"Our family indeed increased, but with it our friends increased also; for the cleanliness and frugality which furnished our cottage, and the content and cheerfulness that appeared in it, drew the notice of our rich neighbors—of my master and mistress particularly, whose rule was to assist the industrious, but not to encourage the idle. They did not approve of giving money to the poor, but in cold winters, or dear times, allowed us to buy things at a cheaper rate; this was money to us, for when we counted our little cash for the week's marketing, all that was saved to us by our tickets to purchase things at reduced prices, went into our 'little box.' If my children got a penny at school for a reward to buy gingerbread, they brought it home, they said, to help me to buy the boat—for they would have no gingerbread till father had got his boat again. Thus, from time to time, our little store insensibly increased, till one pound only was wanting of the five, when the following accident happened.

"Coming home one evening from my work, I saw in the road a small pocketbook: on opening it, I found a bank-note of ten pounds, which plainly enough belonged to my master, for his name was upon it, and I had also seen him passing that way in the evening: it being too late, however, to return to the house, I went on my way. When I told my family of the incident, the little ones were thrown into a transport of joy.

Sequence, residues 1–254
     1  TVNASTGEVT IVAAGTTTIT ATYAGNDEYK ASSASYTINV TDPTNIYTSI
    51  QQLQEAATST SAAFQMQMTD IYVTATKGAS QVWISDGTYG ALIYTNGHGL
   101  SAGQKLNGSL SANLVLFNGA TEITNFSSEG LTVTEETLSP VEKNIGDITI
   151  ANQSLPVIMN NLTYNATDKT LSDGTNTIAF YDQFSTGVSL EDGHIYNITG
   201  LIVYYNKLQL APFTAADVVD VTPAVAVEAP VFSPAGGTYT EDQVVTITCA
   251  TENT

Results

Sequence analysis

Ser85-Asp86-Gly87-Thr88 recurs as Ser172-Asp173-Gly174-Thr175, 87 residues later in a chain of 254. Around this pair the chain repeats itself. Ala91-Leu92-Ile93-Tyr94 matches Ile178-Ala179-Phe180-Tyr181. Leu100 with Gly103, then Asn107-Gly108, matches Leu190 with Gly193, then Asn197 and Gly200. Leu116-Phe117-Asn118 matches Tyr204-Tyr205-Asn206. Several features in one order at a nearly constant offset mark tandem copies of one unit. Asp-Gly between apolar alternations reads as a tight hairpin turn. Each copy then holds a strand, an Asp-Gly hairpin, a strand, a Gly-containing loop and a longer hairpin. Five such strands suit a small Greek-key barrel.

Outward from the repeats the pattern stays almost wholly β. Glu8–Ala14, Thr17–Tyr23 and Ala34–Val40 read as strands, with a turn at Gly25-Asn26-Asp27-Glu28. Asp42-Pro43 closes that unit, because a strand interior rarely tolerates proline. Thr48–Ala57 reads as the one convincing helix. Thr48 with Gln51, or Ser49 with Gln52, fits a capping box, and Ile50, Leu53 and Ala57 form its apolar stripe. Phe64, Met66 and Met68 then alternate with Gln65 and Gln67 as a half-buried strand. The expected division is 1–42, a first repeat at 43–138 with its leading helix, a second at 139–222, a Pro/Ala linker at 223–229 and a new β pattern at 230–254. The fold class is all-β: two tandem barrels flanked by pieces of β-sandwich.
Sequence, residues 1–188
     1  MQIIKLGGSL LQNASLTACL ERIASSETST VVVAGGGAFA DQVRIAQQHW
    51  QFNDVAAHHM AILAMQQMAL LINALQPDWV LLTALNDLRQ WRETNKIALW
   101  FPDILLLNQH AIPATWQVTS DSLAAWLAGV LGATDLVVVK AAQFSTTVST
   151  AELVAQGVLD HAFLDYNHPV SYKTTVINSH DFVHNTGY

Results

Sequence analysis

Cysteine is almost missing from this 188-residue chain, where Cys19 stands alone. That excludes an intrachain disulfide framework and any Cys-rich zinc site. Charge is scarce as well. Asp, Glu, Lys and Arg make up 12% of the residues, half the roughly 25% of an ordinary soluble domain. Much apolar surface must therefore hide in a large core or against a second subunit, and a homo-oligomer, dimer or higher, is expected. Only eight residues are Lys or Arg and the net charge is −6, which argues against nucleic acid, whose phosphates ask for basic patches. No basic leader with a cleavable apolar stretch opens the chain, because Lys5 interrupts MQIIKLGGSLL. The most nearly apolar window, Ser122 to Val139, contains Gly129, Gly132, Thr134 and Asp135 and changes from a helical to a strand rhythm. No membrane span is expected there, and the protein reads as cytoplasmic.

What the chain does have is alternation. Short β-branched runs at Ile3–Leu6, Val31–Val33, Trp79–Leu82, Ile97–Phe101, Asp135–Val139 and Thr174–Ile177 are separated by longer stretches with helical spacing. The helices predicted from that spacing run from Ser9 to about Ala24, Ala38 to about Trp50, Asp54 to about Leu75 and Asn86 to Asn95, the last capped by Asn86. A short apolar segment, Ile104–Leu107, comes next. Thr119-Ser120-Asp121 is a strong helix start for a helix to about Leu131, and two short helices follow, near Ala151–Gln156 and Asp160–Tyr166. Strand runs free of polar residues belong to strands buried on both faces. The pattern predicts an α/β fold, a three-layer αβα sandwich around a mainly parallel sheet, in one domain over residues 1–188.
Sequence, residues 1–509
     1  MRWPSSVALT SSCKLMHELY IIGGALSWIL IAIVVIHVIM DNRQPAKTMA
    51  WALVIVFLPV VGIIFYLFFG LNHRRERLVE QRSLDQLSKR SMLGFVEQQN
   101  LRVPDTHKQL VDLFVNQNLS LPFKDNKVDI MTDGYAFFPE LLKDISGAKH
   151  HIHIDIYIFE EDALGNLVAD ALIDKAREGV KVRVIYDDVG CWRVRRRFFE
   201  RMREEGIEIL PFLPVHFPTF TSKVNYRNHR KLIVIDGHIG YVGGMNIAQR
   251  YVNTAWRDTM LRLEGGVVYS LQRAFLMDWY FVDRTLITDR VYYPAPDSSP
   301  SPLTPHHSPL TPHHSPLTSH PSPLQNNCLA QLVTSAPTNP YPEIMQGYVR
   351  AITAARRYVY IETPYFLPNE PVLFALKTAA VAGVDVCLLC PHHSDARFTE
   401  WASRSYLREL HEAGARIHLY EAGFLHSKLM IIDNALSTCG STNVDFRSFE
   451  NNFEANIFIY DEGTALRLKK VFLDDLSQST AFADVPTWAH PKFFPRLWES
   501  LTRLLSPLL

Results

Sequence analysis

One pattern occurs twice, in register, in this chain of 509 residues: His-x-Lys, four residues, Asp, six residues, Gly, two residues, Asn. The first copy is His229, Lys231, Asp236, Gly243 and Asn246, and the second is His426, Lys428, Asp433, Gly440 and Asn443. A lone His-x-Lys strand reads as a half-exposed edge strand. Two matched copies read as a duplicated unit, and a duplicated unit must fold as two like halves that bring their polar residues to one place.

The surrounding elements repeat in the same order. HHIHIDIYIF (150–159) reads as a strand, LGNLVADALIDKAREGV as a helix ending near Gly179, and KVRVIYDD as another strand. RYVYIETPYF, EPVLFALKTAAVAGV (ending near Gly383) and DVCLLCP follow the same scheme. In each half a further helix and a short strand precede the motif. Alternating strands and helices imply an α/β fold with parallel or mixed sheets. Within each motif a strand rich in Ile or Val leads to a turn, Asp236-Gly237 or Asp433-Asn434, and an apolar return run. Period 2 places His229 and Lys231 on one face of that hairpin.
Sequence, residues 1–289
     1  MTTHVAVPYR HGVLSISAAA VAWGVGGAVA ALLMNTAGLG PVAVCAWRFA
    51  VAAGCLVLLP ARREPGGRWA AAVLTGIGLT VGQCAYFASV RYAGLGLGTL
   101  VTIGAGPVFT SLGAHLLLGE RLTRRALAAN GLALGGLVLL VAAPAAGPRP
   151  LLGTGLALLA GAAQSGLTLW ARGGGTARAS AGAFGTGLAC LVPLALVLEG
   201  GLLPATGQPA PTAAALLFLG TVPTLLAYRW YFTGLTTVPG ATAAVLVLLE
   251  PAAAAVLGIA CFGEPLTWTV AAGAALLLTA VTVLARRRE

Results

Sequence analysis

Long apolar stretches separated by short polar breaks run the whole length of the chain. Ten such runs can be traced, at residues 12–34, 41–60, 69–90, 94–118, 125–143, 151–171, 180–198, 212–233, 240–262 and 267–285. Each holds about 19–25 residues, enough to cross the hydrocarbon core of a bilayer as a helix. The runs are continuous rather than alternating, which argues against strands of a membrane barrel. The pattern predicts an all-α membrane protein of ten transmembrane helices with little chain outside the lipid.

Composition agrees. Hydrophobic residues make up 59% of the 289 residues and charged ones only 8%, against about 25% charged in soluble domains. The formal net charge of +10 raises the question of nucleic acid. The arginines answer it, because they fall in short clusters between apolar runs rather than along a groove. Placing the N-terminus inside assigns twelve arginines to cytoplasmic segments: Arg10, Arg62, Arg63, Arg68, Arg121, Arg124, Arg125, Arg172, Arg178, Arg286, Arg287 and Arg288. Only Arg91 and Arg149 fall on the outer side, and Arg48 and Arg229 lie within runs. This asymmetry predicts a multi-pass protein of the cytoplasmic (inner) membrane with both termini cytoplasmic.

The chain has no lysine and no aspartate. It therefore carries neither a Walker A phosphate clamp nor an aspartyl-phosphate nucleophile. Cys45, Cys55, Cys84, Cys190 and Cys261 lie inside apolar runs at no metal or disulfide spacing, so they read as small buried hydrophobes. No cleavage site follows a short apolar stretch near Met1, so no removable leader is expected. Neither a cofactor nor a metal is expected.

"'My dears,' said I, 'what is the matter?'

"'Oh, father, the BOAT! the BOAT! we may now have two or three boats!'

"I checked them by my looks, and asked them if they recollected whose money that was. They said, 'Yours, as you found it.' I reminded them that I was not the real owner, and bade them think how they would all feel, supposing a stranger was to take our box of money, if I should happen to drop it on the day I went to buy back the boat."

"This thought had the effect on their young minds that I desired; they were silent and pale with the representation of such a disaster, and I begged it might be a lesson to them never to forget the golden rule of 'doing as they would wish others to do by them;' for by attention to this certain guide, no one would ever do wrong to another. I also took this opportunity to explain to them, that the possession of the boat by dishonest means would never answer, since we could not expect the blessing of God upon bad deeds."

"To go on with my story: The next morning I put the pocketbook into my bosom, and went to my work, intending, as soon as the family rose, to give it to my master; but what were my feelings when, on searching in my bosom, it was nowhere to be found! I hasted back along the road by which I came, and looked diligently all the way, but in vain; there was no trace of any such thing. I would not return into my cottage, because I wished to save my family the pain I felt; and in the hope of still recovering the book, I went to my work, following another path which I recollected I had also gone by. On my return to the garden-gate, I was accosted by the gardener, who, in a threatening tone, told me I was suspected; that our master had lost a pocketbook, describing what I had found, and that I being the only man absent from the garden at the hour of work, the rest of the men also denying that they had seen any such thing, there was every reason to conclude that I must have got it.